The Palace Letters!

After years of legal wrangling, the National Archives of Australia have finally released Sir John Kerr’s correspondence with Buckingham Palace, both before and after the dismissal of Gough Whitlam. But while some commentators hoped to find a smoking gun that would implicate the Queen in Australia’s biggest constitutional crisis, the truth has proved far more prosaic. Indeed, the documents show that Sir John was telling the truth when he said that he made his fateful decision without telling Her Majesty ahead of time.

Throughout his tenure, Sir John worked hard to keep the Palace informed of events in Australia, and his handling of the volatile political situation ahead of Whitlam’s dismissal was no different. But instead of conspiring with the Palace, one gets the feeling that Sir John was using the Her Majesty’s Private Secretary, Sir Martin Charteris, as a sort of agony aunt. Sir Martin, for his part, generally responded with polite encouragement. He clearly recognized that Sir John was in a difficult position, but he also knew that the issue could only be resolved in Australia. As Sir Martin wrote on November 5, 1975:

I think it is good that people should know that The Queen is being informed but, of course, this does not mean that she has any wish to intervene, even if she had the constitutional power to do so. The crisis, as you say, has to be worked out in Australia.

Sir Martin did, on occasion, provide more detailed feedback. For example, he made it clear that, if Whitlam asked the Queen to recall Sir John, she would ultimately have to accept his advice (though he did imply that she might insist on receiving a formal submission before acting). Sir Martin also inquired if Sir John could get the Australian High Court to weigh in on the question of whether or not the Governor General could assent to supply bills that hadn’t passed the Senate. But there is no indication that he was trying to steer Sir John down a certain path. On the contrary, Sir Martin specifically encouraged him to keep his options open. As he wrote on October 2, 1975:

In all these difficult matters, I am sure you are right to keep your options open and not to decide now what you will do in any given circumstances.

While the Palace Letters might not contain any Dismissal-related bombshells, they do provide a valuable behind-the-scenes look at the workings of the Monarchy. Some of the most interesting letters concern the Queen’s acceptance of the Crown of Papua New Guinea in 1975. Sir Martin made it clear that Her Majesty would only accept the Crown on the advice of her Australian ministers. At first glance, it might look a bit odd for her to accept the throne of a newly independent nation on the advice of the former colonial power. However, as a constitutional sovereign, she could only act on the advice of ministers, and since Papua New Guinea was not yet legally independent, her Australian ministers were the only source of formal advice.  

The fact that the bulk of the Palace Letters will only be of interest to Westminster nerds such as myself raises the question of why they were initially subject to special access conditions. Before the successful legal challenge, the letters would only have been publicly available starting in 2027, and even then access would require the consent of the Queen’s Private Secretary and the Governor General’s Official Secretary. While communications between the Sovereign, her ministers, and her Governors General are traditionally kept private for extended periods of time, it’s not hard to see why many Australians were unhappy with the fact that records relating to the biggest constitutional crisis in their history were effectively being kept out of the public eye by the Her Majesty’s personal fiat (if they had been treated like other government records, they would have been available starting in 2006).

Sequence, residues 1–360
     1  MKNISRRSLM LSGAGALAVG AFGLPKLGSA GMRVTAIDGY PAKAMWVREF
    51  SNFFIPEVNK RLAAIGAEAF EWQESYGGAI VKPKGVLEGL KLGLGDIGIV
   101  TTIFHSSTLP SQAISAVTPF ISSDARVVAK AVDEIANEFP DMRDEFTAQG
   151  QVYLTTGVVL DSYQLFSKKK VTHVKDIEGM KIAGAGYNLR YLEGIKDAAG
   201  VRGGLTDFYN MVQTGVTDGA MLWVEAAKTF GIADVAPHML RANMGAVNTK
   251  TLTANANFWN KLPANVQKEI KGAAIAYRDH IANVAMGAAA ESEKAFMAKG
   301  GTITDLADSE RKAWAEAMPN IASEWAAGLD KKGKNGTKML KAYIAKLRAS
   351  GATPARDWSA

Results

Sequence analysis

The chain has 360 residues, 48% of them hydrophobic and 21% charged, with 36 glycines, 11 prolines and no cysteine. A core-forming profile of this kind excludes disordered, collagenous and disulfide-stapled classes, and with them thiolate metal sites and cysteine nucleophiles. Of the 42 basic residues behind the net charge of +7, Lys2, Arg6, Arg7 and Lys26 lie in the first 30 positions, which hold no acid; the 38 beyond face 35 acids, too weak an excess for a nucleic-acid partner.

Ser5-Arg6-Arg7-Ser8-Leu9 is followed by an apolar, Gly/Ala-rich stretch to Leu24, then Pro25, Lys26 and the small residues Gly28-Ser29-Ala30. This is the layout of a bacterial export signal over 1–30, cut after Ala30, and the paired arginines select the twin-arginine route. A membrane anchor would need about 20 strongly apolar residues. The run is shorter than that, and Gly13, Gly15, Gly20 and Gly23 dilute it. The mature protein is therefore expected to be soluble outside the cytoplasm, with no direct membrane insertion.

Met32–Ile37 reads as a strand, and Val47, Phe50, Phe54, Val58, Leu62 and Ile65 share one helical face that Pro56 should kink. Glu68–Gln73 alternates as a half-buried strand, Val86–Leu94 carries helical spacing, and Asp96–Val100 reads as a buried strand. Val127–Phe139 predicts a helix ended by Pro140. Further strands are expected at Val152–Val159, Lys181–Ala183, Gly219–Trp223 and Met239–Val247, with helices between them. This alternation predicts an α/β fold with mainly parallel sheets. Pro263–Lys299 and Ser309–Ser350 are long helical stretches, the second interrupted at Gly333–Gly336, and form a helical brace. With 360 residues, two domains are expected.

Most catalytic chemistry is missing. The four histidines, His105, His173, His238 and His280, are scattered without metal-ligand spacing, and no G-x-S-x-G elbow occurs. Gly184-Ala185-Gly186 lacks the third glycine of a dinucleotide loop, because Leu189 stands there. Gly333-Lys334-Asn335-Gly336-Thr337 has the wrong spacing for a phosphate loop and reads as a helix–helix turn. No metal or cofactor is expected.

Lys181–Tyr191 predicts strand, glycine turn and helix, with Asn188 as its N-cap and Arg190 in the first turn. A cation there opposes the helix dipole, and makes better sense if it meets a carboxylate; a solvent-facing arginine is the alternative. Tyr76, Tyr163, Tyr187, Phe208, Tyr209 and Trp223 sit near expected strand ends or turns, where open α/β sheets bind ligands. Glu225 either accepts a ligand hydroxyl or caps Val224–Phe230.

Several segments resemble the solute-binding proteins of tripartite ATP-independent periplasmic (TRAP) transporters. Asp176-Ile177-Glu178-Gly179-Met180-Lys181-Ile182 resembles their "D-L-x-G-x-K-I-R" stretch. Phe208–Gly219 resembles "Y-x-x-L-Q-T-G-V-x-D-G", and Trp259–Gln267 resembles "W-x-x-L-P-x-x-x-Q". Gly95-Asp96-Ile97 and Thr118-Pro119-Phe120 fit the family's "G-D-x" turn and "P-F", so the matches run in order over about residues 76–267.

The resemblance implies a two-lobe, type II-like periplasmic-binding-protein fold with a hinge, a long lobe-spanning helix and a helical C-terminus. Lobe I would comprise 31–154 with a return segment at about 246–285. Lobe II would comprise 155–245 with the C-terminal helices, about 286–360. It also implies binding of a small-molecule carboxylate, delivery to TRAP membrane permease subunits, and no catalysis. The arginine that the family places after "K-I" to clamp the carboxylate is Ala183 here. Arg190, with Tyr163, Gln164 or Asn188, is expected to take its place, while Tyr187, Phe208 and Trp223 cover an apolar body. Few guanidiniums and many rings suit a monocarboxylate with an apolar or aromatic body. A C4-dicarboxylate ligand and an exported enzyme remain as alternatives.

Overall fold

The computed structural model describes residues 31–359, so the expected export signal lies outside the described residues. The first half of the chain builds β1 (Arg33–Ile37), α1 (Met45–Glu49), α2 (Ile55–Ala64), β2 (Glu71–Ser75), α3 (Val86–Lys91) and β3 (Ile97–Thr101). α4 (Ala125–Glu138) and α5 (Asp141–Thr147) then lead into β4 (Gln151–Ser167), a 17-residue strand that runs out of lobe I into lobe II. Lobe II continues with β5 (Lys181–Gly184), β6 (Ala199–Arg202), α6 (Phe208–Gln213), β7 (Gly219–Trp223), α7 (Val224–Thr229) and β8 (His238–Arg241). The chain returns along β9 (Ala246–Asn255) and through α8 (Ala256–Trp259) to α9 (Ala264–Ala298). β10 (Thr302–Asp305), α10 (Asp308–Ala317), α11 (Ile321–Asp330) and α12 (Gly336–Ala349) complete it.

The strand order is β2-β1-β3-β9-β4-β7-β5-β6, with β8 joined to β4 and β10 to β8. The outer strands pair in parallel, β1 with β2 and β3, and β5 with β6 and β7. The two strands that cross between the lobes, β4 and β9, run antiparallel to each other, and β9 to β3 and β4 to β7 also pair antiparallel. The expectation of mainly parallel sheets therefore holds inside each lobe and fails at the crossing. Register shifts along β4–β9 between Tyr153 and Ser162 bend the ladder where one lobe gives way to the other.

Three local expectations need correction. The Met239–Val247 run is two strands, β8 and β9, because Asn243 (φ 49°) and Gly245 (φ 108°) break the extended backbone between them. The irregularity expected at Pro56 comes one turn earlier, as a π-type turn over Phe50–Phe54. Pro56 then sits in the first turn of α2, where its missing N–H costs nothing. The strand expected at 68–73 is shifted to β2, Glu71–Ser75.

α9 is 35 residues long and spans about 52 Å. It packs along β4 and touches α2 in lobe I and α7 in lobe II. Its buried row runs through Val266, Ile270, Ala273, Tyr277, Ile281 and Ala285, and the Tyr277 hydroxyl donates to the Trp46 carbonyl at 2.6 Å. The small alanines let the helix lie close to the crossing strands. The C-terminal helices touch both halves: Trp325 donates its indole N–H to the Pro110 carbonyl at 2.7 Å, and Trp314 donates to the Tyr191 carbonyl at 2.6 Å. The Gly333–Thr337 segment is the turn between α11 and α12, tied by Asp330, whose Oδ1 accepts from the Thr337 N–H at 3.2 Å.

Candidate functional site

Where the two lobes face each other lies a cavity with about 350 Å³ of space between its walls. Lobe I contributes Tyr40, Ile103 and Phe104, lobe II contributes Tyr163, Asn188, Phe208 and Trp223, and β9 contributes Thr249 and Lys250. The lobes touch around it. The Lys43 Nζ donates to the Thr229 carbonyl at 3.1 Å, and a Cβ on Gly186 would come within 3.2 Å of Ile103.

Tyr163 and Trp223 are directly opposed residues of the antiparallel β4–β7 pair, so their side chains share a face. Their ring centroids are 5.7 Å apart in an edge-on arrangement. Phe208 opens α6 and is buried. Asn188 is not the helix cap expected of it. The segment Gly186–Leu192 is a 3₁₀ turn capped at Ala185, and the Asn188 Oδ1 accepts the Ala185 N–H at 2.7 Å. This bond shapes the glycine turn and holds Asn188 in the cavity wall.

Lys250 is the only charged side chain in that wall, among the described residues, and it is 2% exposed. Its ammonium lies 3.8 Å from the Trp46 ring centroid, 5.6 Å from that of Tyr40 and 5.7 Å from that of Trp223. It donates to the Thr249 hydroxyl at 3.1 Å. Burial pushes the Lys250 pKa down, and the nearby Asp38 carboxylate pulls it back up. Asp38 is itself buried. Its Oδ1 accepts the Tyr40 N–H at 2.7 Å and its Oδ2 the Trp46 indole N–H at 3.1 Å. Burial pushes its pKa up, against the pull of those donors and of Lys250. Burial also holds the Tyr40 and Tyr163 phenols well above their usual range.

The Palace Letters should be a wakeup call for the Palace. In an age where open government is held up as the ideal, the traditional, deferential handling of royal communications looks increasingly anachronistic. It also harms the Monarchy by allowing scurrilous rumors to gain traction. A few years back, there was all sorts of feverish speculation about the Prince of Wales ‘meddling’ in government business. But when a selection of his letters to the government were finally released in 2015, they painted a far more anodyne picture. Fortunately, the Crown has proven itself to be both resilient and adaptable, even if it sometimes takes a gentle nudge in the right direction for it to change its ways.   

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4 Responses to The Palace Letters!

  1. These make for an absolutely engrossing read. From an English law perspective, I was intrigued by a brief and oblique reference to the controversy surrounding Lord Denning MR’s clashes with Samuel Silkin (then the A-G) in the Gouriet v Union of Post Office Workers saga— see Sir Martin Charteris’s letter of 21 Jan 1977 (on page 1037 in the Guardian’s OCR’ed pdf download).

    • jasonloch says:

      I saw that reference, but I had no idea what he was referring to. I’m glad you filled in the details! I also hadn’t realized there was now an OCR’ed version, so thanks for mentioning that, too!

      Did you ever hear back from Ed Miliband’s constituency office about his handling of ecclesiastical patronage?

      • I’m afraid they never responded! I may try to write in a few months when (hopefully) the urgent coronavirus prompted constituency correspondence will have died down….

  2. Pingback: Remembering the Whitlam Dismissal | A Venerable Puzzle

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